Zombie: No kidding! I was seriously ready to light my computer on fire when I realized Madame Yoon was going to get away with all of her shenanigans without so much as a word of warning. Really writers? Where’s the justice in all of this? Why bother to make Madame Yoon one of the scariest women ever and then make nothing of it? What was the point? Was her entire role in this drama to be the person responsible for Tae Hee’s death? If that’s it, she succeeded but shouldn’t she have to suffer some sort of repercussion? Since when does the villain get away with their crimes? I find it very hard to believe she’s seen the error of her ways and has decided to live her life on the straight and narrow. Again I have to ask, what was the point? Why does she get to walk away and live a happy sappy life with her mystery son while Se Dong and Hong Bin have to suffer? Where’s the justice in this world!?!
DD: This is not the Dramaland/Dramaverse I know. This is some unknown territory that must be Dramaland/Dramaverse adjacent. I guess I’ll call it WTF Land. You’re right, when does the villain walk away clean? I’ve rooted for anti-heroes before and found myself wanting to see them get away with things, but Madame Yoon is no female Walter White that falls into that category. I think this sums up my biggest issue with this show’s ending. There was nothing I found genuinely satisfying that made up for the back and forth we had to sit through. Granted, this is the risk we all take being dramatics but this show had so much promise! I’m sorry but as happy as I am that Hong Bin and Se Dong found their way back to each other, their Grease ending flying the clouds was not the ending I was expecting. Of course Se Dong having the final, “Hug me!” was pretty good.
Zombie: I couldn’t agree with you more. Nothing in this ending was satisfying. Nothing in this ending made my heart flutter. I did shed a few tears along the way but only because it was just so painful to sit through all the drama of this drama. Not even Se Dong’s “Hug Me” was enough to satisfy me. For some silly reason I was expecting more from this drama’s ending than what we got. Call me crazy but I think explanations and closure are slightly important when it comes to wrapping up a story.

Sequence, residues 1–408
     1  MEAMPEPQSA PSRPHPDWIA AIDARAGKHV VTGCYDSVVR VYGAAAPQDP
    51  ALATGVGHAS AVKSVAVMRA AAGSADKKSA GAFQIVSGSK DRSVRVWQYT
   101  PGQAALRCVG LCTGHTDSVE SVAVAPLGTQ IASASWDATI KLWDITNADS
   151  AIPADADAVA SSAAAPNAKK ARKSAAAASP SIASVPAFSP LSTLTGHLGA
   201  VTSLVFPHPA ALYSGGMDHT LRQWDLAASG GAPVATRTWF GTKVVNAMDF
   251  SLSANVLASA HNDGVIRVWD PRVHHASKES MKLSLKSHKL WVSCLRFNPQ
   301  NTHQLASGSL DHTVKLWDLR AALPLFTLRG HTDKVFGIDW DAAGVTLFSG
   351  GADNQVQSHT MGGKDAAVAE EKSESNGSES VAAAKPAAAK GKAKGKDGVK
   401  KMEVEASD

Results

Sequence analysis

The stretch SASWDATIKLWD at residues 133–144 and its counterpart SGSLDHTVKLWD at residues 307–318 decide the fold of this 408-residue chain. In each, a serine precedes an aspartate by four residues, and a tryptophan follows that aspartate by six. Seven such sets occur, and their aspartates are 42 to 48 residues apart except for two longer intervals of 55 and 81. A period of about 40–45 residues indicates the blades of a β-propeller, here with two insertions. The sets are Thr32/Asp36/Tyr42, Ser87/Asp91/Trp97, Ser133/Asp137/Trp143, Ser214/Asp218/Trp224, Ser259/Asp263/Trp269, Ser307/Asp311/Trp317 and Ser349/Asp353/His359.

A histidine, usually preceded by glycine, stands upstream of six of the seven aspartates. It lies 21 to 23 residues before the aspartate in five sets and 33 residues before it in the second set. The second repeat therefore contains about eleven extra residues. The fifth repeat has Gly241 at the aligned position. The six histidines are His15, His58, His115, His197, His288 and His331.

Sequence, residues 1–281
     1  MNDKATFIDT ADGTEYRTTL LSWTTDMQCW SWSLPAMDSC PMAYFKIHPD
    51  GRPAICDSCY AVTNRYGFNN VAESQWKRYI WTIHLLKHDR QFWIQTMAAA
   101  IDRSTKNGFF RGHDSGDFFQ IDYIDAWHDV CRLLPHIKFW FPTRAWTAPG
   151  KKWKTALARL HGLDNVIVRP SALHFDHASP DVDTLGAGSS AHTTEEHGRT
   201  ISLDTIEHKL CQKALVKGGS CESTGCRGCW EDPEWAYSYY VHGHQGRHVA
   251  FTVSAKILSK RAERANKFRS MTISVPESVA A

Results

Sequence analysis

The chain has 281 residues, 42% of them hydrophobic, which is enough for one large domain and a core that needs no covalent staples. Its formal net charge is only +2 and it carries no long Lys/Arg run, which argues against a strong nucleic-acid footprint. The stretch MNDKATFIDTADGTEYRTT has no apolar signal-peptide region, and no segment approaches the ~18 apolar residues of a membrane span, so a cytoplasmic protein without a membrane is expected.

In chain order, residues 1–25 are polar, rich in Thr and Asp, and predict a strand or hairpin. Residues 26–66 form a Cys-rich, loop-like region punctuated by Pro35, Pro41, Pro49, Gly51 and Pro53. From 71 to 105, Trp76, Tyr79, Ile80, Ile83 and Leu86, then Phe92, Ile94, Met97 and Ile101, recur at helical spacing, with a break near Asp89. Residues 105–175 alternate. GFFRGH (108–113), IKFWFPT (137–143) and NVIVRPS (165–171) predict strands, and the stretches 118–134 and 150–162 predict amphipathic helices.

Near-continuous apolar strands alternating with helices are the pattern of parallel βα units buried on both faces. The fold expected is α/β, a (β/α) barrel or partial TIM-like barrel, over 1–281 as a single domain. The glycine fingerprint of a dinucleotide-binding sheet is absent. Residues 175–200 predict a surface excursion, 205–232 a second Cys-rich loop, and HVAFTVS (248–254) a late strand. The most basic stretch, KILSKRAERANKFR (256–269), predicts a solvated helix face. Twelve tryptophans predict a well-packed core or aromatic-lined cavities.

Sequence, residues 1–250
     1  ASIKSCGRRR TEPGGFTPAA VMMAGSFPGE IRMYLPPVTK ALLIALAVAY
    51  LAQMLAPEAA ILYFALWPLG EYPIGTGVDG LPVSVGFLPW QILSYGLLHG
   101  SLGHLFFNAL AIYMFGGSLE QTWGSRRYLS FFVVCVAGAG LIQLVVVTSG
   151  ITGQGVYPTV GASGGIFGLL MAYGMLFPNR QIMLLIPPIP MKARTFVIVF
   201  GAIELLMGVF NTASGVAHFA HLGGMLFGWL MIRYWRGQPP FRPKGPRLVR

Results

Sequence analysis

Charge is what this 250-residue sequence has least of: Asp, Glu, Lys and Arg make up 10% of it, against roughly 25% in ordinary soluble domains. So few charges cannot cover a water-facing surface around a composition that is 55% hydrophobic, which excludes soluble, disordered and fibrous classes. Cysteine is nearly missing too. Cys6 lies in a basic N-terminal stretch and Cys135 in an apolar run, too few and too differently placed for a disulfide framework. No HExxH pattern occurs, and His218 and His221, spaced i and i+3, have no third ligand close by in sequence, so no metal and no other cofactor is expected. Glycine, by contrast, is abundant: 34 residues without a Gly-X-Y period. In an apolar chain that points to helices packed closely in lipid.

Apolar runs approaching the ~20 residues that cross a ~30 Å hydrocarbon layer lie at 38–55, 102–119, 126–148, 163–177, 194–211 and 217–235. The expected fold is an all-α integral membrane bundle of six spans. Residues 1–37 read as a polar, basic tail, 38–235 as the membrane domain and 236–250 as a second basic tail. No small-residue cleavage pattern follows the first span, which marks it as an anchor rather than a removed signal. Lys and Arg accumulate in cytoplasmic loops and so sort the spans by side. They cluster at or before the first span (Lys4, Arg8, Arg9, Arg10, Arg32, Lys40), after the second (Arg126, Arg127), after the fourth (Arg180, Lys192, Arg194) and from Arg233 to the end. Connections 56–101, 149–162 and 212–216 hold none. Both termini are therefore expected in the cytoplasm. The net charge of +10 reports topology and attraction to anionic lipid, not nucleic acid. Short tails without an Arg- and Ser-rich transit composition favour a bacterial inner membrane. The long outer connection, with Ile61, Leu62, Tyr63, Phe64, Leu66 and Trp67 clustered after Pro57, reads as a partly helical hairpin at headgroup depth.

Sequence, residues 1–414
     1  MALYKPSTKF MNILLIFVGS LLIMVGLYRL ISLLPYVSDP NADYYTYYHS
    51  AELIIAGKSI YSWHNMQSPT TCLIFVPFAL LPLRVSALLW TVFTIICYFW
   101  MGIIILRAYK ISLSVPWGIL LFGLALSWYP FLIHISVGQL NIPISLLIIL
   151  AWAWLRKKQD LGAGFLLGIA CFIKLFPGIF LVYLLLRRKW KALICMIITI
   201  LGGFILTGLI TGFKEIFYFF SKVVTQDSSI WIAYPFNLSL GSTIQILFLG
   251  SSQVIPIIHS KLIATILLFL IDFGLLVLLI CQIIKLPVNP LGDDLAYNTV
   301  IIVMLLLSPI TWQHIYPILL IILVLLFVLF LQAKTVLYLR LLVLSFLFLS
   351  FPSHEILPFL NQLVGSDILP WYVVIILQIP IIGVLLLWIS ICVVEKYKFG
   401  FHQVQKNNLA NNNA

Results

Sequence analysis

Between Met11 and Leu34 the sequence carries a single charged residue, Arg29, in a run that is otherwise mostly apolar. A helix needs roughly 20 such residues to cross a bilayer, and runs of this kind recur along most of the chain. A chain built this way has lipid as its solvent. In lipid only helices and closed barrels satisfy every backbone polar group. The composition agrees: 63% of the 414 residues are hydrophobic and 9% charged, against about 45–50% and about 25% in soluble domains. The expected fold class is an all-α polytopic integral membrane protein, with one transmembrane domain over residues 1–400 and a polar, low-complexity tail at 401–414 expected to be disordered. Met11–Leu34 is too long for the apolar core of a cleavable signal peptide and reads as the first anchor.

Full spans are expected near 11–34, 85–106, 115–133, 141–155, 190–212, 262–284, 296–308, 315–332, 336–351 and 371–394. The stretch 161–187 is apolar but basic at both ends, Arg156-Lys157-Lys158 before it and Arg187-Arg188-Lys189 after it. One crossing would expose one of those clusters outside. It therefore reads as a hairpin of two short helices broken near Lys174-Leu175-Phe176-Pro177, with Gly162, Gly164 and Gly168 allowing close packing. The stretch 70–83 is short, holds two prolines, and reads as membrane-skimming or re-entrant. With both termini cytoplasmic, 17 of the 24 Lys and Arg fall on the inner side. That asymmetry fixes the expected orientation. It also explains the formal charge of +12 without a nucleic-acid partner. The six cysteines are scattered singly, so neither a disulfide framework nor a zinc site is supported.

DD: I think I’ve forgotten what having explanations and closure feels like and this show did not help with that. I will say that the cinematography for this show was awesome and I’ll probably listen to the instrumentals on its OST about a thousand times before it gets lost in my OST collection. It was nice to watch something that at least tried to set itself apart from the pack. We don’t get many heroes that sprout blades from his body even if it makes absolutely no sense and doesn’t affect the plot in any way. I also appreciated the humor they would try to inject from time to time. I choose to thank Lee Dong Wook and his adorable comedic timing and facial expressions for this. All and all, we can never say this show wasn’t a ride. A ride that may have made us extremely nauseous toward the end, but a ride nonetheless.
Zombie: Being a bit of a thrill-seeker, I didn’t mind the ride so much but that final stretch really could’ve used some work, as it was more than a bit rough. Still, it’s better than other endings I’ve suffered through (Doctor Stranger comes painfully to mind) so I won’t complain too much. Our OTP finally found their “happily ever after” (at least I think they did) and everyone else seems to be left fairly well off so I chose to be content.
DD: I’m right there with you. I can accept the ending that was given to us because 1) what choice do we have? and 2) most of the show was relatively enjoyable so I’m willing to be pretty forgiving. There are worse ways to spend three months and, as you so accurately pointed out, there ARE worse endings. I found myself genuinely invested in the well-being of most of the characters and that’s saying quite a bit. There was no way I was going to be able to hate Lee Dong Wook who’s a magical human being/unicorn. His Hong Bin was lovable partly because of him and partly because of the way he was written. There was a balance that was found between temperamental man-child that finally was given a reason to transition into a man that I loved. That’s not easy. I also loved our heroine who, while not always the most balanced, was unshakingly kind and encouraged others around her to be better versions of themselves. It’s a better alternative to our typical heroines who are just, you know, there.
Zombie: Once again, you’ve hit everything spot-on and I have nothing to add. I enjoyed the quirks of this drama, I loved the characters, I enjoyed watching them grow, I didn’t feel the need to flip tables as I watched each episode and I was left feeling well… I’m still not sure how I feel about the ending but I’m willing to overlook that and say that overall, I thoroughly enjoyed this drama. Now here’s the real question… On a scale of 1-5 zombies, how would you rate this drama?
DD: I’m going to give this one a safe 3 zombies. Anything higher would be too generous and we can blame the ending for that. How about you?
Zombie: I’d have to say the same, though if it weren’t for that ending, I would have happily gone higher. *sigh* Maybe one of these days drama writers will learn how to write a satisfying ending.
DD: We can only hope…
Final thoughts? What do you think of our final rants? Agree? Disagree? Let us know in the comments below!
Catch up on all of The Zebussie Drama Reviews of Iron Man here:
Episode 7 [Part 1]
Episode 16 [Part 1]
Episodes 17-18 [Part 1] [Part 2]